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Big savings on women’s clothing expected in Stephen’s Day sales today after drop in pre-Christmas buying


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Though certain retailers experienced strong trade in the run-up to Christmas, ladies’ fashion and footwear sales were down by approximately 10pc, according to experts, which could lead to deals on excess stock

Balmy weather in November and early December was good for outdoor types but maybe not so good for all elements of the fashion retail sector.

Sales of women’s fashion and ­footwear took something of a battering in many stores around the country, down by approximately 10pc, according to Retail Excellence Ireland, which has 13,000 members around the country, from SMEs and family-owned ­independent businesses to large multinationals.

While the wind and rain whipping up last week sent some shoppers running to invest in winter coats, knitwear and boots, stores faced with a surplus of winter stock to shift may introduce deep discounting this week to get it moving before the first drops of Spring/Summer ’24 clothing start arriving.

“I would say that everyone, bar ­ladies’ fashion and footwear, are having a strong and positive Christmas but those two categories are behind,” said Jean McCabe, CEO of Retail Excellence.

“The likes of furniture, tech, ­consumer goods, phone stores and the big-ticket items have been trading particularly well,” said Ms McCabe.

The pre-Christmas retail patterns around the country have varied this year, and while beauty was reported as strong by some retailers, certain pharmacies said they did not have the same experience, with figures down around 5pc.

Many shoppers heading into the sales today will have done their research online or taken advantage of discounts there.

Trans-seasonal clothing is always popular at this time and the more trend-driven shoppers will be keeping an eye out for lifestyle bargains in the Pantone colour of the year, peach fuzz.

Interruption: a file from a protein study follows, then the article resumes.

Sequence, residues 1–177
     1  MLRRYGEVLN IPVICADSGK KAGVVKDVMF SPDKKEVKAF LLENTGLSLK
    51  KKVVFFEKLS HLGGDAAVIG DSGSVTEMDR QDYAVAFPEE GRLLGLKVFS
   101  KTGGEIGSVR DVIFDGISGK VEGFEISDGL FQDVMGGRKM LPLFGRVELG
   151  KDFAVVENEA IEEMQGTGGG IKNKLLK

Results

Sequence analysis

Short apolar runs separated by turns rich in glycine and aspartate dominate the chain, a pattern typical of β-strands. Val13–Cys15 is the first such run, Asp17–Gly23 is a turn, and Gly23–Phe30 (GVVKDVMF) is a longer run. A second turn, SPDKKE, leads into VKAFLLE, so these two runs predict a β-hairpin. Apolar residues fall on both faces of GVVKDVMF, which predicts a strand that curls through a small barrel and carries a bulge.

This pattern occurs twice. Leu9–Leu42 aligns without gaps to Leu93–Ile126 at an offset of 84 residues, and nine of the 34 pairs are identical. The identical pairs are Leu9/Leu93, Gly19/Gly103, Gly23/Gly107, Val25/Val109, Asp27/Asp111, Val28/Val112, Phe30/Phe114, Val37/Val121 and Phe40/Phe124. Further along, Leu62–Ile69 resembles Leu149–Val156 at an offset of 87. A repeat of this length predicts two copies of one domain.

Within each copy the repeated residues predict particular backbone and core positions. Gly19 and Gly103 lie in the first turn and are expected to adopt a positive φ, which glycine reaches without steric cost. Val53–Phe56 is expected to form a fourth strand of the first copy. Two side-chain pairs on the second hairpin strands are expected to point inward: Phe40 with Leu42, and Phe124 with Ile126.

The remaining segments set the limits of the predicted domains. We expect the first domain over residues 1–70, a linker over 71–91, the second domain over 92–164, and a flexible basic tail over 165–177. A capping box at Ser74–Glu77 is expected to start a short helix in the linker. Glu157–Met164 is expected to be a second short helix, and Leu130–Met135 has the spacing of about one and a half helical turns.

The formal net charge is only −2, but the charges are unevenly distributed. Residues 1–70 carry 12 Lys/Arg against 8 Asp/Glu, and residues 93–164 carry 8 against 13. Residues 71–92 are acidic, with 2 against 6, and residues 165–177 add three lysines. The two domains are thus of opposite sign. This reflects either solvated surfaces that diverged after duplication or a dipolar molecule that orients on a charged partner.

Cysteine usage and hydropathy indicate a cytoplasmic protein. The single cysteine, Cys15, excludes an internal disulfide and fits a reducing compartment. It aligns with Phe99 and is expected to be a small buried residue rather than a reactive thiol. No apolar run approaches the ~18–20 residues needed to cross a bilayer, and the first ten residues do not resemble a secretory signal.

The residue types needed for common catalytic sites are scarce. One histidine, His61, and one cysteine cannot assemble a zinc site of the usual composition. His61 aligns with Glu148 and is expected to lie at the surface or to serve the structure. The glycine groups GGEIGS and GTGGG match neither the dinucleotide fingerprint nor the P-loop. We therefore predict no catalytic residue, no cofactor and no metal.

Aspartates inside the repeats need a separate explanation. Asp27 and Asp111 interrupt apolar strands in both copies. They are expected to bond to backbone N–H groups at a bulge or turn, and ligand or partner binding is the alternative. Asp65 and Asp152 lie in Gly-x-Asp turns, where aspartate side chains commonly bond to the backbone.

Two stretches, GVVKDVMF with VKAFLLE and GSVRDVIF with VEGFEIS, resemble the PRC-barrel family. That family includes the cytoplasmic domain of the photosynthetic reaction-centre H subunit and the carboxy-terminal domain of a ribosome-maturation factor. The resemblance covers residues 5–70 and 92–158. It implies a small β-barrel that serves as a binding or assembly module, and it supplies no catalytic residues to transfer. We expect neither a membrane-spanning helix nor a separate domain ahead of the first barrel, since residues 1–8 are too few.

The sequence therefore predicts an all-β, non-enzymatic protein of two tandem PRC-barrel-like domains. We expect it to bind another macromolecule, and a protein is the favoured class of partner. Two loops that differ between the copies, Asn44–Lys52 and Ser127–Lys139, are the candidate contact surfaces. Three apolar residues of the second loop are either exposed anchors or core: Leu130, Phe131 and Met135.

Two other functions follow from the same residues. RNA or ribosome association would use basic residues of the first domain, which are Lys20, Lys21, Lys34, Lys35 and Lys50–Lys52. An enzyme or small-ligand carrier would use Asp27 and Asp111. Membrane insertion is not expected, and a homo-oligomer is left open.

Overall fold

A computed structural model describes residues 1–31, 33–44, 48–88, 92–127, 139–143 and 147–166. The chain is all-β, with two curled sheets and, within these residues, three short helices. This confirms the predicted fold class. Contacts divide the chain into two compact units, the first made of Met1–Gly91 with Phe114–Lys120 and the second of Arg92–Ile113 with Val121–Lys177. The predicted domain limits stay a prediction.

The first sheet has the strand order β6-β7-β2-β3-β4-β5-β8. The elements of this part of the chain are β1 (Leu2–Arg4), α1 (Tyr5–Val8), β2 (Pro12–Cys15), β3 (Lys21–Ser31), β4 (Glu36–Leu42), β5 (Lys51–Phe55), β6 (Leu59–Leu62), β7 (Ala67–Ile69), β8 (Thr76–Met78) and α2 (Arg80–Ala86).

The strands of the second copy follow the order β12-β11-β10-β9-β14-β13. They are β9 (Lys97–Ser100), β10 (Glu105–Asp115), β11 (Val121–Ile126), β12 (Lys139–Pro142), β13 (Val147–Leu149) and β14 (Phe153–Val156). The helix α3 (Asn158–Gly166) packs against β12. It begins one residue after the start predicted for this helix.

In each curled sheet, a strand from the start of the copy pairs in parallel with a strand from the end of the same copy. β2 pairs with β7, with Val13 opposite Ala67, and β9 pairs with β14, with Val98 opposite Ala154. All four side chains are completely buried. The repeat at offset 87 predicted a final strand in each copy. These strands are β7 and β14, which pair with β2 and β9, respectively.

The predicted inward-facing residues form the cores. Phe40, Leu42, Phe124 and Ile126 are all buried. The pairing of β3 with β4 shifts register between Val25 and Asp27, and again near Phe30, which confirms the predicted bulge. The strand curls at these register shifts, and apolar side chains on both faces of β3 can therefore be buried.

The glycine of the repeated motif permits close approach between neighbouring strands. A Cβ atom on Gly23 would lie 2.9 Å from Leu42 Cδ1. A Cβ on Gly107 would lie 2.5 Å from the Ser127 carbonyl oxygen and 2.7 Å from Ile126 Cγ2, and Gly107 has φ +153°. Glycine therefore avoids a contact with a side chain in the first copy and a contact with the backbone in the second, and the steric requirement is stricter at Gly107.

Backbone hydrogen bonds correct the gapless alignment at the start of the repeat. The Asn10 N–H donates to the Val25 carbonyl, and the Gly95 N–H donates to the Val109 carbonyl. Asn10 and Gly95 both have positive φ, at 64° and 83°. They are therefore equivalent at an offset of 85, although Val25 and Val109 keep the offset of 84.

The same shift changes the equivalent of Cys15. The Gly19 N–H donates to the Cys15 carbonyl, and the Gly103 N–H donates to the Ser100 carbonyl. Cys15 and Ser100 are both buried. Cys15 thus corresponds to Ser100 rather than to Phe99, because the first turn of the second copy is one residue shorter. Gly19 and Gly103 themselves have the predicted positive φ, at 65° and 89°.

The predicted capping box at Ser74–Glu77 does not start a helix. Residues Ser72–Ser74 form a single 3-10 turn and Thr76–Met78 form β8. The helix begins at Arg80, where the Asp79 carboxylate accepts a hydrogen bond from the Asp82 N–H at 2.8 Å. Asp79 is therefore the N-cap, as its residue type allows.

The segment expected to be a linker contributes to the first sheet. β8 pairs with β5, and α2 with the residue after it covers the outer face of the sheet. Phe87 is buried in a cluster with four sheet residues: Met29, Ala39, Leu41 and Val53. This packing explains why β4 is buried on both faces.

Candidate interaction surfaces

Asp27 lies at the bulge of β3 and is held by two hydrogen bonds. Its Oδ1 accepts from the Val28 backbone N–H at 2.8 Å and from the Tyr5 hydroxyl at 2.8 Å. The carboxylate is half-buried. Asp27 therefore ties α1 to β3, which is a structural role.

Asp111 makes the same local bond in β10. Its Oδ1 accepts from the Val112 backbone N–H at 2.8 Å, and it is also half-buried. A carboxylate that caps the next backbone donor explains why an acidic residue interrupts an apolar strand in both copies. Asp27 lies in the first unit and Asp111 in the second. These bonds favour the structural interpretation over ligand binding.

Many consumers will be heading to stores to spend Christmas gift ­vouchers but for others, the target will be “experiential” investments such as high-end luggage for travel during the year.

Dundrum Town Centre, the country’s largest shopping centre, reopens today at 9am, with stores such as Brown Thomas launching the sale with discounts of up to 50pc, while other stores, like Next, start their sale tomorrow.

In terms of a Christmas rush, Don Nugent, manager at Dundrum Town Centre, said: “What we found generally is that it came late but last week was really, really strong. People were spending and they were gifting.

“They were also buying for themselves and buying a bit differently than they did last year. Whereas last year people were buying outfits, this year they were complementing the outfits they bought last year and that seems to be the trend.

“What people are saying is that they are buying fewer items but they are buying more expensive ones, so the average transaction value has actually increased. Now part of that is inflation, of course, but in terms of the trend against last year, it’s a different behaviour. People are buying fewer things but they are buying more expensive ones and we are seeing that in both mass market and premium,” he said.

After the Dublin riots on November 23, retail in the capital rallied for Christmas.

In the week of Monday, December 11, to Sunday, December 17, footfall was up 9.6pc on the same week in 2022, according to Richard Guiney, CEO of Dublin Town, which represents the interests of city centre business owners.

“The weekend after the riots was obviously very challenging but the city has turned a corner and I think it is testament to the combined cooperation between the gardaí, the Government, the council, the business community – and it shows what can be done when we all focus our minds together,” he said.

“It has been a decent Christmas and the spend has been good. What has worked in the last couple of weeks, we want to see it continuing. We have faced challenges in the city so I do think we need a focus on the city.”

Proposed traffic changes in 2024 ­include the introduction of bus gates on Dublin’s quays and making Pearse Street and Tara Street access only.

“We absolutely need business input into the traffic proposals because, as they stand, there’s a lot of confusion and a lack of clarity about how deliveries are going to be made.

“There’s a lot of changes. It could work but it will certainly need to be planned and I think there needs to be a lot of workshopping and engagement required between here and the implementation of those changes to make sure that they’re not actually detrimental and that they do work for the city,” Mr Guiney said.

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